We moored up off Telegraph Island. Supper was on the island, cooked on the boat and ferried out. Hommous, salad, rice, aubergine hommous, BBQed fish, garlic mushrooms, and vegetables.

Eight of us slept on the boat, while the other six slept on the land. We arranged ourselves around the deck, Steve for some reason slept side ways to the slope. The bilge pump alarmingly started up every now and again through the night, sounding like someone having an enormous wee. The crew slept on the top of the boat, and cold not have been comfortable. Beautiful view of the stars at night, with no light pollution.

Straits of Hormuz – Monday 

6.30 the crew were up making breakfast for us. Hommous, hard boiled eggs, salad, honey and instant coffee. We then set off back out of the fjord and then right, towards the Straits of Hormuz. We were accompanied by dolphins and flying fish. These dolphins swam alongside and under our bows. Went on past an island where we should not photograph, because of a military base.

We stopped in a bay, just before the bay of Kumzar. Here we swam to the beach. Rosemary found a PAPER NAUTILUS, which she is really proud of. Duncan decided to collect all the rubbish up from the beach. After the swim, we took lunch, the usual hommous and Babazoosh (the aubergine version of hommous), chicken and rice.

We then motored on into the next bay, Kumzar, landed and visited the village. The village has two mosques, and lots of single story dwellings. The village was on mains power, the only access to the village is by sea. One of the crew’s grandmother lived in the village and some of us visited her house and were well entertained.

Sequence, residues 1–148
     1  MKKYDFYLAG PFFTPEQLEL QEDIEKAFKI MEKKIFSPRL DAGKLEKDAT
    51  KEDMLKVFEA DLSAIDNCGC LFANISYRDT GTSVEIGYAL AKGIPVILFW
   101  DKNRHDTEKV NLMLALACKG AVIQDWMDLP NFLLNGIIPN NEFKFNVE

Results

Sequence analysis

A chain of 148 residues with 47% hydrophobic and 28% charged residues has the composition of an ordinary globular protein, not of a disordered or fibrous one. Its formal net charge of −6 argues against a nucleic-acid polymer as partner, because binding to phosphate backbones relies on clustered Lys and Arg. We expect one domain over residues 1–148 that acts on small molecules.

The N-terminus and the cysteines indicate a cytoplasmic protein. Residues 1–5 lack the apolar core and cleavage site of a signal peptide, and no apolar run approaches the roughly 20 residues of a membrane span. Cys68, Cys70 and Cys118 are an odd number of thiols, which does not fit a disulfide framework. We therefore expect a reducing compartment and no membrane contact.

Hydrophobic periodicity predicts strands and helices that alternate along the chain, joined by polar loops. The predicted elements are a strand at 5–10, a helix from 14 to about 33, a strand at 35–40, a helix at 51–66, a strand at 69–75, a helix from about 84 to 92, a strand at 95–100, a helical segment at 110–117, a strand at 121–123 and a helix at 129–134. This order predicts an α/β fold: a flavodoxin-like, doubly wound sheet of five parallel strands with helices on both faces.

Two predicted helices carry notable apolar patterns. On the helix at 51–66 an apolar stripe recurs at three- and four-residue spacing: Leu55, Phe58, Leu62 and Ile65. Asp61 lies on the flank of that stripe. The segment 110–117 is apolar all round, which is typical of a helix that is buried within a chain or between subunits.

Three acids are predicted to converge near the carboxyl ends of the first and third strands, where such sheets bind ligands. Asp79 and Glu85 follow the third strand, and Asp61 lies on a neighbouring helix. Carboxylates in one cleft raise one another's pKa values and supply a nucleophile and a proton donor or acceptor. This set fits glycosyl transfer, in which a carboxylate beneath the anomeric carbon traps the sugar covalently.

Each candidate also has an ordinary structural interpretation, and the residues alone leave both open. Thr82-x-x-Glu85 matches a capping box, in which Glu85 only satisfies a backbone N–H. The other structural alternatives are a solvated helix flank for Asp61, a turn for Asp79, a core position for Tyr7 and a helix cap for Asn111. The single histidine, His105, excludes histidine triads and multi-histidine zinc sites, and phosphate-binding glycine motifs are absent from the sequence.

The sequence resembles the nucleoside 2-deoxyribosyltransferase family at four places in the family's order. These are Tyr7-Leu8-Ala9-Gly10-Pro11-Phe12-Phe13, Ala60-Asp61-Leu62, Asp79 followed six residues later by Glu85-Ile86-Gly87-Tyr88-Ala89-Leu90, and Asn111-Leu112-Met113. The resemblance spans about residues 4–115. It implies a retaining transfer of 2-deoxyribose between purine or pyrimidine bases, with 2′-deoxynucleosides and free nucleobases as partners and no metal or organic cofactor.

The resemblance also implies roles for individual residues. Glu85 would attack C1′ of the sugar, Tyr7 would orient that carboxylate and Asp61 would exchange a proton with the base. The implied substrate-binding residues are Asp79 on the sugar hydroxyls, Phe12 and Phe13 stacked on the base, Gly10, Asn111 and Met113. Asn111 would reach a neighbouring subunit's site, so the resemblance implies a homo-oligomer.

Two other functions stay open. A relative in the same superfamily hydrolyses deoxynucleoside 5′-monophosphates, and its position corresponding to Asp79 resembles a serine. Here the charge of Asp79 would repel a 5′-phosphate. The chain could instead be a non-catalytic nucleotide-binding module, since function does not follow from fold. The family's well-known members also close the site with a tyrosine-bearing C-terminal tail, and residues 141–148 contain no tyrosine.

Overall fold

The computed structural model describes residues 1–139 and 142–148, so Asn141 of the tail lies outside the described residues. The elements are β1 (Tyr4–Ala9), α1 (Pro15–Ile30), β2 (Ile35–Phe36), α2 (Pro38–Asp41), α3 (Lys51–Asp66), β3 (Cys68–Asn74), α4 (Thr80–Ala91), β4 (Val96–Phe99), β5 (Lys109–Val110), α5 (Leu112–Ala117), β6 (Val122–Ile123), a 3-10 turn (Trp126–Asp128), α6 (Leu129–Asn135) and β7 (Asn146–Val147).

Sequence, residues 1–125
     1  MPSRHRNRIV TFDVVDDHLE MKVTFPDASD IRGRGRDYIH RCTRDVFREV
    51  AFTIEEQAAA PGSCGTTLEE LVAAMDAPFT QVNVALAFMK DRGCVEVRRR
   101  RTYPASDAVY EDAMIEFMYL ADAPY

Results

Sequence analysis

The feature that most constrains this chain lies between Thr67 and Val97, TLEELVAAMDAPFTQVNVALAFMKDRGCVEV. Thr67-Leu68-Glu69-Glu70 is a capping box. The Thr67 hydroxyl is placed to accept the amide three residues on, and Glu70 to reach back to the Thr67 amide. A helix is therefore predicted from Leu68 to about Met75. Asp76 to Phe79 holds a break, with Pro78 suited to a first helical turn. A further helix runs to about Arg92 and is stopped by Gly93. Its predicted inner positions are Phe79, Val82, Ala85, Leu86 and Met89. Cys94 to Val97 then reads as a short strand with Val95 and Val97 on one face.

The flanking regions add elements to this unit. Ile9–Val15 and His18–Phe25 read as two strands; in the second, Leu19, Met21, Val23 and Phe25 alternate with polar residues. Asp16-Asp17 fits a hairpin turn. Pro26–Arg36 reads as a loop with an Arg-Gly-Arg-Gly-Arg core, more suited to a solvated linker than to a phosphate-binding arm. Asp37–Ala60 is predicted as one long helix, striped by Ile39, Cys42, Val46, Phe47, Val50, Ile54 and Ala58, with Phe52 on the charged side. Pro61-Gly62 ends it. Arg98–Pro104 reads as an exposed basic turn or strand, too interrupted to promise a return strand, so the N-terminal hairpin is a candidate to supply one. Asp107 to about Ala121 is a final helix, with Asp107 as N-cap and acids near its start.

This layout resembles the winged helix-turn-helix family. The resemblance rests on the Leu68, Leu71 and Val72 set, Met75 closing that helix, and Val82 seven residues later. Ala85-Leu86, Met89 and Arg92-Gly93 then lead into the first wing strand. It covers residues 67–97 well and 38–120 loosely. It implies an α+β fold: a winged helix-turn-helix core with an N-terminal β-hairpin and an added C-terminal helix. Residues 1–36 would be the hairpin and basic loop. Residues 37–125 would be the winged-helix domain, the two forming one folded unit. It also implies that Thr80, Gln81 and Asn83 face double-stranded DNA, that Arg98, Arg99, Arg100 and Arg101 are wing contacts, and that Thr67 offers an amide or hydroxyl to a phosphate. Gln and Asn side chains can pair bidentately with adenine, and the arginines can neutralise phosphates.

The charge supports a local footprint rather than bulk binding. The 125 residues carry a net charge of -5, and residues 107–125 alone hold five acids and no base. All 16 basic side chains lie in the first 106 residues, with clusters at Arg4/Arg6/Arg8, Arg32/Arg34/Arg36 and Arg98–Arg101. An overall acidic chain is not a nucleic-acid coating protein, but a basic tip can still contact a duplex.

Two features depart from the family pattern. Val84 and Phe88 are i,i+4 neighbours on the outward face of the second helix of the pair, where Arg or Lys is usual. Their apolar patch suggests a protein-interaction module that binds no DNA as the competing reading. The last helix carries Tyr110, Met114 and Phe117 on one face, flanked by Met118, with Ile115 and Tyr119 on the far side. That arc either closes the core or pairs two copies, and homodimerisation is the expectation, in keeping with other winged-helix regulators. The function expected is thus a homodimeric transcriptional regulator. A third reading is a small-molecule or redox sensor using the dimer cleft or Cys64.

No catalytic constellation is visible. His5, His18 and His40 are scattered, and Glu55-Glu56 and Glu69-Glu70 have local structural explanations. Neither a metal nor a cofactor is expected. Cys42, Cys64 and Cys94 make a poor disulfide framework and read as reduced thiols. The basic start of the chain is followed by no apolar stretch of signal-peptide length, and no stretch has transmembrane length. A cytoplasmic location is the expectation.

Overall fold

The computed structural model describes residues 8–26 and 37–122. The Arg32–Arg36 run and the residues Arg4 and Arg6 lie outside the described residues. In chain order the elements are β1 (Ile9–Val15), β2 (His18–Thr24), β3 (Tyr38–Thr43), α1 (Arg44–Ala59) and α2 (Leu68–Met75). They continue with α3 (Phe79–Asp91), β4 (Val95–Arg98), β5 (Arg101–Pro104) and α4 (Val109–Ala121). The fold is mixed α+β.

We continued are trip on, our destination was Khawr Naid, and we still had a long way to go. As soon as we were through the straits, and into the Arabian Sea, a large swell came up. Soon it was dark, and we were all in life jackets. Many people on board were quite sea sick. Eventually we gave up, and headed to a fishing port, probably in the bay of Duhat Shisah.

At this fishing port, some elected to stay on the boat, (no sleeping bags), others (including us) stayed in a local house, owned by an Indian. He and Omanian ran the power generator and desalination plant. Kate managed to negotiate a stay there. We split into several rooms and has a good night’s sleep. The village is a fishing village, and there were no women in the village. Woken at 5.30 by the call to prayer, and then at 7.00 by Kate telling us it was time to go. The owner would not take any money from us to thank him for our stay.

We were told that during the night two police boats had come out to our boat. They had still been expecting us to arrive at the destination. They wanted us to continue with the trip.

Trip back – Tuesday

Breakfast, then it was time to leave, and the engine would not start, flat battery. The captain found some men from the village, and they tried to start the engine with a rope around the fly wheel. Not successful, soon a spare battery arrived and we were started. Amazing they could find one; not like a breakdown on the M40

Long trip back the way we came, rough water again, and sea sick people. Where the military island was, we had to pass around the outside this time. We were stopped by navy launch with guns trained on us. We then stopped at a beach very near to Kassab where we had a final swim and lunch. Lunch being brought out to us by the launch.

Land Trip – Tuesday 

Arriving back at Kassab at 3.15 we were picked up by 4x4s and taken for a tour of the Musandam peninsula. This is a mountaneous region, we drove up to 2000 metres. Unluckily the weather was not good with very poor light for photography. We actually saw the bay where we should have been picked up from.

Stopped at various view points and also an old Bedouin house, mostly underground.

The roads are dirt in the mountain, but well maintained, power is around everywhere, and tanks by the road are filled with water.

The trip lasted a couple of hours, we then went back to the coach and back to Dubai, arriving late in the evening. Out for a meal in a local restaurant.